This is our selection of plants that can live in your home, as "indoor plants". These hard-to-find species are all very different but they can all be grown in your home. Some can take very low light and some others might need to receive some sun from a window. Palms, bromeliads, cordylines and aspidistras should never dry out. On the other hand, Sansevierias, Hoyas and Rhipsalis need less water and can even take drought.
Frost-hardy Aechmea with blue-tipped green leaves, from the outskirts of a city named Blumenau, in the cool, wet South of Brazil. Spikes of yellow flowers are followed by colourful fruits, lasting months. It can take -7 C (20 F). This is the TRUE blumenavii, not the many mislabelled specimens in the trade.
Hard-to-find Japanese selection of "variegated" Aspidistra. It is not striped: each leaf develops a cream white "shade" in the upper part of the blade. Aspidistras make excellent pot plants for shade. They can live indoors or outdoors as they can take real frost.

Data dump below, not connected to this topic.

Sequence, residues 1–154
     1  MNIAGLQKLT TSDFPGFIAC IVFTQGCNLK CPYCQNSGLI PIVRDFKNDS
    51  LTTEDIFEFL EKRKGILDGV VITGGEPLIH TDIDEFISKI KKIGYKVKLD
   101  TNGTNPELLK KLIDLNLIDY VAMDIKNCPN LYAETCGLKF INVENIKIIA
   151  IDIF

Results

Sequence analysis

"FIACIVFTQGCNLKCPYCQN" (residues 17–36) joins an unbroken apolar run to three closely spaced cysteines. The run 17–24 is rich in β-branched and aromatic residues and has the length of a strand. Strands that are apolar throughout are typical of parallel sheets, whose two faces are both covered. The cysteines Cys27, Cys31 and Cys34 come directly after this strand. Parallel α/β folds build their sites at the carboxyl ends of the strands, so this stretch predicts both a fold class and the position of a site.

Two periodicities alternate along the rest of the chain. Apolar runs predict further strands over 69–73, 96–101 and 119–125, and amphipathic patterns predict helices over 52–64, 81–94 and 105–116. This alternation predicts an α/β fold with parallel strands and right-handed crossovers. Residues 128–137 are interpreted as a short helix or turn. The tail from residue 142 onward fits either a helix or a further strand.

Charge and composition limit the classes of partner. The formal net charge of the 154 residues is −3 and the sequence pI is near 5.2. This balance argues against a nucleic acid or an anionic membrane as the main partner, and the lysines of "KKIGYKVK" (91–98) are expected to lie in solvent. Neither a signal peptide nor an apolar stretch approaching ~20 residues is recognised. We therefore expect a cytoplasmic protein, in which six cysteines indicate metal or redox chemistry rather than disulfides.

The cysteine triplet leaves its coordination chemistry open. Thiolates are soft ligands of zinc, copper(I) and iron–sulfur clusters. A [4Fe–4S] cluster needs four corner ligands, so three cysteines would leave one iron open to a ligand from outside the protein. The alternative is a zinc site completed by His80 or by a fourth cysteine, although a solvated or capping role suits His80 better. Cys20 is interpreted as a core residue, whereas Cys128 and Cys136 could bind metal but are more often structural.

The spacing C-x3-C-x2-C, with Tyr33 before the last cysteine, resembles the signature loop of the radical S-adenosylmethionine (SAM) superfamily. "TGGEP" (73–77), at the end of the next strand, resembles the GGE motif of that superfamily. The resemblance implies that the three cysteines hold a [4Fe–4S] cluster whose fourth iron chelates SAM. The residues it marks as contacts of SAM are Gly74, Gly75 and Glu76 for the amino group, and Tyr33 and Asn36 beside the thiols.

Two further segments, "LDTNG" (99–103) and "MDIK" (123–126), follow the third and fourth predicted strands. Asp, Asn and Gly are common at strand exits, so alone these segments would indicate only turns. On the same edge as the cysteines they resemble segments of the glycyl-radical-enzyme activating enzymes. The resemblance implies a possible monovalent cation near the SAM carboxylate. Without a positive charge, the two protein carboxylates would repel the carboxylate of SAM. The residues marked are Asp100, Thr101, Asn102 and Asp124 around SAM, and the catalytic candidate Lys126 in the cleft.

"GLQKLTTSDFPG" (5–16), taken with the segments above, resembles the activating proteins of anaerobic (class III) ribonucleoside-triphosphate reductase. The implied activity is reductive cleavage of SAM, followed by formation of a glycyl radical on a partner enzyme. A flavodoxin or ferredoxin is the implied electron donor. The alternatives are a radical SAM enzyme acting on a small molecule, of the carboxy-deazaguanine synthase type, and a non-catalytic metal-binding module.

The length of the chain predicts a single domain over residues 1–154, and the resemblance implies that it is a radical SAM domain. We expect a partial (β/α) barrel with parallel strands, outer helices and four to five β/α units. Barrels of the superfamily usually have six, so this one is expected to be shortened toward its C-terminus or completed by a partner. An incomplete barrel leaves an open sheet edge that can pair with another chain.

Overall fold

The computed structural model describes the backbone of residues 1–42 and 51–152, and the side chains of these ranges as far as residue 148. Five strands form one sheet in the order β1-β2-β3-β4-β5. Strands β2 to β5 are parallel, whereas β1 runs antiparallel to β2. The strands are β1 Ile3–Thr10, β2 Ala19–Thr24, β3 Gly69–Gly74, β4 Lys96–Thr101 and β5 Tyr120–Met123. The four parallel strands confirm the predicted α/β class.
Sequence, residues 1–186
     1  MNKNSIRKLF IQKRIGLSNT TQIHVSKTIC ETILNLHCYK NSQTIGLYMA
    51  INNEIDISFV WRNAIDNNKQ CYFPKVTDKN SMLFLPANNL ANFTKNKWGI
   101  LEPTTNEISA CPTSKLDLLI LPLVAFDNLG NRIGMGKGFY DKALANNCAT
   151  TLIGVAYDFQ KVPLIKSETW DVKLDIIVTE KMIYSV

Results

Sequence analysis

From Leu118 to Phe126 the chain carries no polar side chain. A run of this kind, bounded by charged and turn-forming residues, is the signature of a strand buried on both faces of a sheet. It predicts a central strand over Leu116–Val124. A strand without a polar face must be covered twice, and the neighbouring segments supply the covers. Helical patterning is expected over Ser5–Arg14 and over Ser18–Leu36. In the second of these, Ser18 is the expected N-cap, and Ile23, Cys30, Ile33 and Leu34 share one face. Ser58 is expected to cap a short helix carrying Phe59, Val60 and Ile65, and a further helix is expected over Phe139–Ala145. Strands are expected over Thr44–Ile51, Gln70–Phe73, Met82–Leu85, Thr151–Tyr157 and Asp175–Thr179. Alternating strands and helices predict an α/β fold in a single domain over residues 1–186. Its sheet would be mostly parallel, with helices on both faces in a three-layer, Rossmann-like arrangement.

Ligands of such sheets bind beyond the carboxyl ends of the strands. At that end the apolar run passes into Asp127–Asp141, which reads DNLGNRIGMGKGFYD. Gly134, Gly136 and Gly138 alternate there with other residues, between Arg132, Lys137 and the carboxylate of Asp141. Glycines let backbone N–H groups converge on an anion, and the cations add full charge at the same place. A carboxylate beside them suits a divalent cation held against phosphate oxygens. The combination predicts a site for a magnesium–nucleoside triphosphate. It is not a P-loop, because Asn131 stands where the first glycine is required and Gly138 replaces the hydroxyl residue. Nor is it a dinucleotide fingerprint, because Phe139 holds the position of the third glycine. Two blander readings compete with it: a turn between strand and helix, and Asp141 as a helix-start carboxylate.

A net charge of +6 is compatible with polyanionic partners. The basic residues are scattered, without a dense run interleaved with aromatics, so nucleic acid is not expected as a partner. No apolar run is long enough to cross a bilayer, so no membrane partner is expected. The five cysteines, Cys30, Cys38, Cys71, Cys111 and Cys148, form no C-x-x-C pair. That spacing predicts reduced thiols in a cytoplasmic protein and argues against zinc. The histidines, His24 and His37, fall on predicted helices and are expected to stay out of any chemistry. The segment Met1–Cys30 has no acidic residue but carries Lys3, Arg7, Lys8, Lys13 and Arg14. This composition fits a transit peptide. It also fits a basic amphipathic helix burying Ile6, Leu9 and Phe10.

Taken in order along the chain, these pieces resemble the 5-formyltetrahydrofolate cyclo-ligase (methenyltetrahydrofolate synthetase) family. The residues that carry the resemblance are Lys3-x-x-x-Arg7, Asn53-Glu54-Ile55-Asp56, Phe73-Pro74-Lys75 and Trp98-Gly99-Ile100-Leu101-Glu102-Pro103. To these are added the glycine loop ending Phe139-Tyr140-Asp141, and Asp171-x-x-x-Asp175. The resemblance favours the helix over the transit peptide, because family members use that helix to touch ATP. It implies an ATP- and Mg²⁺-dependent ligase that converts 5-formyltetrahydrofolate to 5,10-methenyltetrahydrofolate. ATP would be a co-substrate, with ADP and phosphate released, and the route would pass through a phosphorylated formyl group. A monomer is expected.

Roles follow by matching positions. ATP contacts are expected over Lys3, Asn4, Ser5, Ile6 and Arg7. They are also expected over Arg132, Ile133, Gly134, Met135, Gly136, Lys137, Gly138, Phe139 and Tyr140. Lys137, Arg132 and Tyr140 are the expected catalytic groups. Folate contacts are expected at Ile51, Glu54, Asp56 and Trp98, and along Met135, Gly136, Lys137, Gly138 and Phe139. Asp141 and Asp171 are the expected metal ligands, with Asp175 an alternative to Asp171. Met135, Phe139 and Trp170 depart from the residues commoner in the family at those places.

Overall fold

NEW!Aspidistra sichuanensis 'Ginga' is most always sold in the trade as Aspidistra 'Milky Way'. - See more at: http://www.plantdelights.com/Aspidistra-sichuanensis-Ginga-for-sale/Buy-Speckled-Cast-Iron-Plant/#sthash.jXWBO7WT.dpuf
What a beauty! This plant came out of the brazilian forests, and it soon became one of the most sought after indoor plants. According to begonia experts, this a "Spotted-leaf angel-wing cane-type begonia" and indeed the wings are dotted with silver circles.
Ornamental and useful tree from Australia, New Caledonia and Vanuatu. It typically bears yellow and red flowers at the same time. Chestnuts are edible and good too, but they have to be leached and cooked before eating.
At the moment there are few products in this category Indoor Plants